cubans with light wrapper


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Nope! How many blind tastings have you participated in? How about read the statistics of? If I gave you 25 cigars, all different years and brands, all the same size, no bands. Say all PC's. If I spi

Lamar, on 08 Apr 2016 - 7:59 PM, said: Piggy, this is really a fascinating statement, and I'll be honest its made me revisit my thinking over the past few days. You're totally correct about the

I have learnt more from pigfish about cigars than anybody I know. When you listen to what he says and you put it to the test with an open mind and without the fog of myth .. He's always on the money!

Knowing a vendor well enough to to trust his judgement???

Cuban cigars are packaged by color and these days light cigars are a bit of a rarity (from my perspective). Considering the color request and then adding a special flavor is (in my mind) an unreasonable request. Of course, I don't believe in brand profiles.

Ultimately I hope you can get some better answers than mine. Thankfully I like Cuban cigars and the variations that come with them. I see wrapper color as a pretty girl with a sun tan. Fair-skinned or tanned skin, pretty is pretty!

Dare I say that anyone looking for this amount of detail in Cuban cigars in general, is likely dreaming? Okay I will say it!

Sorry to be of so little help! Good luck on your search. Cheers. -Piggy

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Of course, I don't believe in brand profiles.

Wait, you don't believe that Cuban brands have distinct flavor profiles? So you don't think Ramon Allones has a distinct flavor from say... Montecristo???

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Give me a Cohiba, Trinidad, Montecristo, QdO or PL with a Colorado, or lighter, wrapper with a nice sheen and I am a happy man. Maduro(ish) wrappers do taste different than light wrappers. They impart more flavors and change the smoking experience. Some people dig this and some don't. I personally like dark wrappers on some cigars and not others. Brand profiles or not this is my experience with Cuban cigars over the last 6+ years I have been smoking them.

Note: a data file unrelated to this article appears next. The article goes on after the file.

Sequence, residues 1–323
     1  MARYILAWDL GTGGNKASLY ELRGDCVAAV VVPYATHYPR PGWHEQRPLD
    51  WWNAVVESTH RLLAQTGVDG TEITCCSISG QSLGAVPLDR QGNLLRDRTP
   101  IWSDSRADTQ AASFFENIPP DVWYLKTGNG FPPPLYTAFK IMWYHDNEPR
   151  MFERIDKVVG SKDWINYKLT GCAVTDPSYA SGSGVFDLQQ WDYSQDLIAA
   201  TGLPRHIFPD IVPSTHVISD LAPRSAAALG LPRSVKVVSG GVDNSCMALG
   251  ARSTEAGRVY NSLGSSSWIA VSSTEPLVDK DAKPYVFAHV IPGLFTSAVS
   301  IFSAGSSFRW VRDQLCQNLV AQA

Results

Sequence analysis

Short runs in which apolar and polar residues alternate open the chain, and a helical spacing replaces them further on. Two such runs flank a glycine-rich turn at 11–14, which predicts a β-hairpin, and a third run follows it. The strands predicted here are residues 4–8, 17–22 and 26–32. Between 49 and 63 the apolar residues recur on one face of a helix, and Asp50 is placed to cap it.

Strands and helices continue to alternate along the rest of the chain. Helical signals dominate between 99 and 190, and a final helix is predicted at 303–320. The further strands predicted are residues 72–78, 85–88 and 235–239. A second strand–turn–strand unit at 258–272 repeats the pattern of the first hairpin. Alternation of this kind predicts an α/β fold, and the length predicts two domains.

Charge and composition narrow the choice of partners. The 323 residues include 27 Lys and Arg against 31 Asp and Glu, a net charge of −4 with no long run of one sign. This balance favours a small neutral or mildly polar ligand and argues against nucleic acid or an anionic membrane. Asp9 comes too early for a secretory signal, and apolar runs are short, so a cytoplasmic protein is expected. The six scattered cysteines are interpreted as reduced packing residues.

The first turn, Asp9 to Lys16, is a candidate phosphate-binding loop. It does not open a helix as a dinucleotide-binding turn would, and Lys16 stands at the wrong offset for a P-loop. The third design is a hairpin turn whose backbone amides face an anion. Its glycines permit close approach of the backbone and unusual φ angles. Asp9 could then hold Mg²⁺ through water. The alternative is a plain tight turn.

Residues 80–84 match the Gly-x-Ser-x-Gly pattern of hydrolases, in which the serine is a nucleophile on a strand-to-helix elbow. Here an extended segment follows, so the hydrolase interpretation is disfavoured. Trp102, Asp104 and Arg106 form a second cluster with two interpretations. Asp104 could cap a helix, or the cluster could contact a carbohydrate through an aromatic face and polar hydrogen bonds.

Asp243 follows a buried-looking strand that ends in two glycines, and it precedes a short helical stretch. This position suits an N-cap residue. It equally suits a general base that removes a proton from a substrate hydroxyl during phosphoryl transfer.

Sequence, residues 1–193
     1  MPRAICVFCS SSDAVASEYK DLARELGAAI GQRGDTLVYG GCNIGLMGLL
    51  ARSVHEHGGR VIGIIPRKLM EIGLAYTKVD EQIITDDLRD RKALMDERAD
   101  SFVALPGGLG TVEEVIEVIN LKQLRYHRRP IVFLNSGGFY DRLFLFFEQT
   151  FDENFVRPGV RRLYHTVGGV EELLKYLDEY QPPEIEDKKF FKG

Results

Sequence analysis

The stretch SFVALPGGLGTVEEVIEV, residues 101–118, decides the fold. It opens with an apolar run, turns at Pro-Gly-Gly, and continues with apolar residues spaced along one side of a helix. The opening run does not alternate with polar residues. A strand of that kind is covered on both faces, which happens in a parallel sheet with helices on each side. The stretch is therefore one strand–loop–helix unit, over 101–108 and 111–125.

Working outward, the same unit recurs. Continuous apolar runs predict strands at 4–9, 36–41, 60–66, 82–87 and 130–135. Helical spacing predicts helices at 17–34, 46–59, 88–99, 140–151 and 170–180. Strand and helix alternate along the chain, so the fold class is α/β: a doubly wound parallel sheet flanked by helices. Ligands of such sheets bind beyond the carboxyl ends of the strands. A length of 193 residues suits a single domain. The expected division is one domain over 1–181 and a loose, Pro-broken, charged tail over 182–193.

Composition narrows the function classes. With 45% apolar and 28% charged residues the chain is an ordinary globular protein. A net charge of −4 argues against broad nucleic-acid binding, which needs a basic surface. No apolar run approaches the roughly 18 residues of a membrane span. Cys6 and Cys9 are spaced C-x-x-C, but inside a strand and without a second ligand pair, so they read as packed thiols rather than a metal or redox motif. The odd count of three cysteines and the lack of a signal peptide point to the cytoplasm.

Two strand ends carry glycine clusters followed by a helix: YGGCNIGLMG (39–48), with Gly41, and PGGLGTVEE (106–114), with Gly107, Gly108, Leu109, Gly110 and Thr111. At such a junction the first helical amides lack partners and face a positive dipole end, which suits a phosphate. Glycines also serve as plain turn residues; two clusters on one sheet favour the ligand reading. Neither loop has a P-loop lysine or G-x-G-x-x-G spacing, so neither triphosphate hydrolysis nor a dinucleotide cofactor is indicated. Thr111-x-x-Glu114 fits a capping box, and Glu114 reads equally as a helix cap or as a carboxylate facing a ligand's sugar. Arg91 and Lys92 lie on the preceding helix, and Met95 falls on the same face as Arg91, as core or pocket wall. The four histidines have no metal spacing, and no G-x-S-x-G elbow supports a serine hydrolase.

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What recommendations do you guys have for Cuban cigars that have a lighter wrapper, with more honey and vanilla notes?

Aged Cohiba first and foremost. Por Larranaga, Quai d'Orsay are good alternatives.

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DUDE: RGPC! They've got a bunch of chocolate, too (over familiar Cuban earth and twang), but the mixture of all with notable honey and shots of vanilla is why I've been getting slowly hooked on these things! I just got a box that's colorado maduro and while it's very good, I believe these sticks shine with a colorado Claro wrapper. Caveat: they need about 3 years minimum, or at least a bunch of dryboxing.

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DUDE: RGPC! They've got a bunch of chocolate, too (over familiar Cuban earth and twang), but the mixture of all with notable honey and shots of vanilla is why I've been getting slowly hooked on these things! I just got a box that's colorado maduro and while it's very good, I believe these sticks shine with a colorado Claro wrapper. Caveat: they need about 3 years minimum, or at least a bunch of dryboxing.

I agree. Rafael Gonzalez petit coronas with Colorado Claro wrappers. Fantastic cigar. Submit a request to Rob, I'm sure he can find you a box.

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My preference is Claro wrappers across the board, but given your other requirements...

What other light wrapper cigars would you recommend? I didn't mean to say that I'm only looking for that exact flavor profile, just giving examples. I just want to try cigars without the caramelly, coffee flavors found in darker wrappers.